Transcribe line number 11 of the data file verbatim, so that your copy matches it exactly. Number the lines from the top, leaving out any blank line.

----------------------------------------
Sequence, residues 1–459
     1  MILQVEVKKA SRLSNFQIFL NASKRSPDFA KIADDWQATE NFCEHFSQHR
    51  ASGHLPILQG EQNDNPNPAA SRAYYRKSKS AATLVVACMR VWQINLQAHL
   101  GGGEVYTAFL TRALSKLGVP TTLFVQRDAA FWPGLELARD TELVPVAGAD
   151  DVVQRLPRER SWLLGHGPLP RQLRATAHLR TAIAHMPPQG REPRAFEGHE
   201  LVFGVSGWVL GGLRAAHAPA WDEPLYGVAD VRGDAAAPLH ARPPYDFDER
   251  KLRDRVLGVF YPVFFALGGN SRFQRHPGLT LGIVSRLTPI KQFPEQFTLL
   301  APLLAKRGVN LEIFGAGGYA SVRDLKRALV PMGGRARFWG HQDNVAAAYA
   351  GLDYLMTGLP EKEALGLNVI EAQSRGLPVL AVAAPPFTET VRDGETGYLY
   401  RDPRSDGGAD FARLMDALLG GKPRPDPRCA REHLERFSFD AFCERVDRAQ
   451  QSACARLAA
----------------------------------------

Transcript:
   451  QSACARLAA